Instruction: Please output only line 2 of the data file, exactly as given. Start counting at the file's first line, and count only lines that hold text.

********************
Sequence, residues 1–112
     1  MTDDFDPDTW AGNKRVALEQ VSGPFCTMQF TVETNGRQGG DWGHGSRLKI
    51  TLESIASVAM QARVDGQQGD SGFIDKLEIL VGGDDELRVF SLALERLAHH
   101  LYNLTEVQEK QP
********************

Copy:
     1  MTDDFDPDTW AGNKRVALEQ VSGPFCTMQF TVETNGRQGG DWGHGSRLKI